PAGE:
A poster hangs in the men’s locker room at Canham Natatorium that senior Chris Brady takes notice of every day.
The poster celebrates the Michigan men’s swimming and diving team’s recent success. It reads “Big Ten Champions 2008.” But if you look again you’ll notice it goes on. Someone has handwritten the words “— 2017, the new Decade of Dominance.”
The name “Decade of Dominance” is a reference to a period from 1986 to 1995 when the Wolverines won 10 consecutive Big Ten Championships under legendary coach Jon Urbanchek.
Since Michigan won the 2009 championship last February — and thus its first back-to-back conference titles since 1994-95 — there have been mentions and whispers inside the program about winning 10 straight conference titles for a second time.
The Wolverines are currently tied for first heading into day three of Big Ten competition, with aspirations of winning its third-straight championship in Columbus.
And as the team went through final preparations for the meet last week, Brady, a team co-captain, was reluctant to admit that his squad is thinking about winning eight more conference championships before they have even won three. He insisted that it is just a goal be the best team.
History, at least, is on his side. Michigan’s 34 team championships and 423 individual titles is by far the most among Big Ten schools. Indiana is second in both categories with 24 and 282, respectively.
Last year, the Wolverines won 13 of the 18 swimming events at the Big Ten Championships. No other team won more than two. Michigan racked up 829 points on its way to the title, beating second-place Ohio State by the second-largest margin of victory in conference history — more than 300 points.
Of course, past championships are no guarantee for future success. It may be presumptuous to think Michigan has already started another decade of dominance, but with a strong winning tradition behind them and an undefeated season this year, the Wolverines are favored for a third straight title.
But instead of trying to remember the way it felt to win championships, Brady and fellow co-captains André Schultz and Shaun Weinberg have taken a different approach. The three seniors have reminded the team of Michigan’s performance at the 2006 Big Ten Championship. That year’s team had a lot in common with this year’s squad. Both entered the conference championship undefeated in the regular season, both had top swimmers favored to win their events and both had strong freshman classes.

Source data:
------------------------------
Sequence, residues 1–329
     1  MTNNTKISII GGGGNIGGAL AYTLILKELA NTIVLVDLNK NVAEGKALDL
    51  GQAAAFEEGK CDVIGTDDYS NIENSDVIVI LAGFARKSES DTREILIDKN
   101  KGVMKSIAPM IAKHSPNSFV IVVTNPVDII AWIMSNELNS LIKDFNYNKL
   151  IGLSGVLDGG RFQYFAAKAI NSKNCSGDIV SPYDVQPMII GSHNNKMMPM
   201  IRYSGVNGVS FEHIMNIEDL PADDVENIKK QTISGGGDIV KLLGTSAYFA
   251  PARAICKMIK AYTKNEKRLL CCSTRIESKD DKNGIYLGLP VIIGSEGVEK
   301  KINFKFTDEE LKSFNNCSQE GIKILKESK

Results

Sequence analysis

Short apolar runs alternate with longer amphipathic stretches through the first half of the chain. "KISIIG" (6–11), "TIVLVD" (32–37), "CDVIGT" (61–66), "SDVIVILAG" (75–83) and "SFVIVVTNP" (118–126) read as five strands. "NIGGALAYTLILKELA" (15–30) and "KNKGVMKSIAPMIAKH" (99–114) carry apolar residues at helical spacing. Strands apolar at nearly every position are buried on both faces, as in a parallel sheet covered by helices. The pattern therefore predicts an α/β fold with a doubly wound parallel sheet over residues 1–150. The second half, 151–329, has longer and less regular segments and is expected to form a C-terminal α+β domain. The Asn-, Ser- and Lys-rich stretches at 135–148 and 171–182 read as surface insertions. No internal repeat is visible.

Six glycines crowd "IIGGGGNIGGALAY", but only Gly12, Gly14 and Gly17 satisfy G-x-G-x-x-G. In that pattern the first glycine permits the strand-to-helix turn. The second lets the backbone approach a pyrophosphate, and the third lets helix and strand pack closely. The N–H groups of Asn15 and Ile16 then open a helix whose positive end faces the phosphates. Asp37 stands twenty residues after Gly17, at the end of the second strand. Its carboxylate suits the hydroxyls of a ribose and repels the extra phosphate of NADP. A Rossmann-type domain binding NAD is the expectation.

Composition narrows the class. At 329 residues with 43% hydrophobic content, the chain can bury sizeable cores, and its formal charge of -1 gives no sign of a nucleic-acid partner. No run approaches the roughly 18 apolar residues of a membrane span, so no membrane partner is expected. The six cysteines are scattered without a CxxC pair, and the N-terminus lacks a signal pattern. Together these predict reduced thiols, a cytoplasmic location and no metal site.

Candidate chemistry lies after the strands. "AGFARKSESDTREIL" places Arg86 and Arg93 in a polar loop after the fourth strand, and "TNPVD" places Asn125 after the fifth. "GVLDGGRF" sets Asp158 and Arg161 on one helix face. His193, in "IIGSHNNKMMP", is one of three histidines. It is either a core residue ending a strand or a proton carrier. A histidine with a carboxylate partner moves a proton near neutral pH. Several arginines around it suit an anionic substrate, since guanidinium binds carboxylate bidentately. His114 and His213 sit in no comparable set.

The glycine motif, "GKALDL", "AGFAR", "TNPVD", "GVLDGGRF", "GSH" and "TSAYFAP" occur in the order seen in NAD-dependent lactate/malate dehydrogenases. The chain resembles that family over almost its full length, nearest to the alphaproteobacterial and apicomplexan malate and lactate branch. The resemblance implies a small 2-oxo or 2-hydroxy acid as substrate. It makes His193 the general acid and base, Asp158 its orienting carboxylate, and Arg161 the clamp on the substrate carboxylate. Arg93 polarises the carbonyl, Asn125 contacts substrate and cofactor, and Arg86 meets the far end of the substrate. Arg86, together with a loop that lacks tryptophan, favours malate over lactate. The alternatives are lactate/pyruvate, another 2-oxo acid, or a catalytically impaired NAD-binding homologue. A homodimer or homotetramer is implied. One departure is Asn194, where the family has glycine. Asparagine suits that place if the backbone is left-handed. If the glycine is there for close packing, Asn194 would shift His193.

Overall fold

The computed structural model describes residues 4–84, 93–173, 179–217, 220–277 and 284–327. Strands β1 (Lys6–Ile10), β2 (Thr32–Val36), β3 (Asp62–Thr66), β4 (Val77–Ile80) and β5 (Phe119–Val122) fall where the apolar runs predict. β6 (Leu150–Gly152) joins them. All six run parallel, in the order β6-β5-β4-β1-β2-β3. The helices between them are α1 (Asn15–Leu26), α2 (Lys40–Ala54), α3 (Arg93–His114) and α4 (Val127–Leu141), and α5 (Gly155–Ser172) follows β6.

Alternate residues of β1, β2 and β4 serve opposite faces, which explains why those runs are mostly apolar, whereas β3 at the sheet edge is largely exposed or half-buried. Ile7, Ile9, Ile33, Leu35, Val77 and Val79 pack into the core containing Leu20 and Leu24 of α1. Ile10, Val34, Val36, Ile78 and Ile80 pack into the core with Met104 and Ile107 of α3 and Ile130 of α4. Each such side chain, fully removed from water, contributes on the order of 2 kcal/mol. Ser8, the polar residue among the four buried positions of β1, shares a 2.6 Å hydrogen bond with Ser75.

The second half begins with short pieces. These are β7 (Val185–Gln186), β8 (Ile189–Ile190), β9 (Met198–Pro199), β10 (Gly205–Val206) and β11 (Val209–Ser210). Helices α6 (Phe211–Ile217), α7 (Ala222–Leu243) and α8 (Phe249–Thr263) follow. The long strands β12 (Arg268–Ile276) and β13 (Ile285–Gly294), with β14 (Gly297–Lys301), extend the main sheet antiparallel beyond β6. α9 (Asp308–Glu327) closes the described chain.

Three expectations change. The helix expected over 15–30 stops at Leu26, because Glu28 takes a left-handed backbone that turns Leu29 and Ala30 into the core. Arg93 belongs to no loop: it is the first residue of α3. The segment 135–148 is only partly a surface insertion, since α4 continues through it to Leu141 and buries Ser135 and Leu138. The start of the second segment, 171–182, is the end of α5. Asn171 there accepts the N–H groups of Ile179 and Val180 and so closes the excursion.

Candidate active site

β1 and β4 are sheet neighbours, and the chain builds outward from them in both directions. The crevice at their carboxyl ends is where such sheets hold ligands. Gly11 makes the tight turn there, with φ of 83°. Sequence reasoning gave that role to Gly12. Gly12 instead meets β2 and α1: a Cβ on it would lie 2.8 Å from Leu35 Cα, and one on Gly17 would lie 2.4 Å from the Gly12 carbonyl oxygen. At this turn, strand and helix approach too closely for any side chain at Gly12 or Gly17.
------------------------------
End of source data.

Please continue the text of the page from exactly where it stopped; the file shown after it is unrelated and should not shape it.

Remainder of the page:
“In 2006, Peter Vanderkaay, Davis Tarwater and Chris DeJong thought, ‘We’ve got Big Tens locked up. We have three guys who can win their events and an awesome freshman class and we can just go in there and roll through it,’ ” Brady said.
The 2006 team fell short overall, finishing in third place, more than 235 points behind the Hoosiers, who won the meet.
This year’s captains hope that memory will combat any complacency that the Wolverines may be feeling in Columbus. Archrival Ohio State will be Michigan’s toughest opponent at this weekend’s meet and Brady knows the difference may come down to not who wins first in events, but who finishes after them.
“We really need those sixth places and eighth places because Ohio State has the depth to win,” he said. “We’ve tried really hard the last month to not underestimate our opponent.”
Notes: Yesterday, the Wolverines swept the top three places in the 200-yard individual medley, with junior Tyler Clary winning the event for the second-straight year … Michigan won the 400-yard medley relay as well, with a time of 3:07.97 … With two days of competition left, the team is tied with Ohio State with 274.5 points while Minnesota sits in third with 179 points.